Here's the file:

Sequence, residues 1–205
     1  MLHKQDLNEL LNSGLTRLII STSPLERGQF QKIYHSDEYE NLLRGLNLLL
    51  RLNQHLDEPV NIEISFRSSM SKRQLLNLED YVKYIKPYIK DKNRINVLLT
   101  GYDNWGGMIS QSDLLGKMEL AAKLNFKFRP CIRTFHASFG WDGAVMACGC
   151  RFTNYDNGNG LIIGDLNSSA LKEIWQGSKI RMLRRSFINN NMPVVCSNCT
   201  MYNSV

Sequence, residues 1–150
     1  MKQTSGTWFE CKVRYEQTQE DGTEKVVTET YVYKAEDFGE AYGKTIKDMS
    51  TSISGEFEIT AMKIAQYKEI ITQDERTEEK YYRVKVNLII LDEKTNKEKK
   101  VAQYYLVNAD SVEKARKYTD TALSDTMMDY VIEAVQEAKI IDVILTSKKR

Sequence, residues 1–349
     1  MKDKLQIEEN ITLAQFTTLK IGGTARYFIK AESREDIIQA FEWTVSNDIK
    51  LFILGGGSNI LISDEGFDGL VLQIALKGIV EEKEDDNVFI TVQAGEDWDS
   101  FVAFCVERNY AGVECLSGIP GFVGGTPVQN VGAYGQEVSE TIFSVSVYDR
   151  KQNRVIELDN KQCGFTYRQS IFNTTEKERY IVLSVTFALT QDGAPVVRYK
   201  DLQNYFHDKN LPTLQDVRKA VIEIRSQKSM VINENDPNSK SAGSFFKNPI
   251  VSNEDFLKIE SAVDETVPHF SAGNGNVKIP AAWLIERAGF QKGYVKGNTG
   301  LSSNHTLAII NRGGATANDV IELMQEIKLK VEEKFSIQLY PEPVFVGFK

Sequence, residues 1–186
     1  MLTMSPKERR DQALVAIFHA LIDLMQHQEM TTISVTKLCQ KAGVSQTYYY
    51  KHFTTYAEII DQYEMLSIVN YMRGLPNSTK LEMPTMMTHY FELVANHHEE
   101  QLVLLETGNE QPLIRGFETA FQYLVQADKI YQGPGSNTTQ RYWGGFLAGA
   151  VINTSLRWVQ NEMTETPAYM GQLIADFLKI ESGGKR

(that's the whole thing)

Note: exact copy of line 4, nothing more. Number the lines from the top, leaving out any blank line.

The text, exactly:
   101  GYDNWGGMIS QSDLLGKMEL AAKLNFKFRP CIRTFHASFG WDGAVMACGC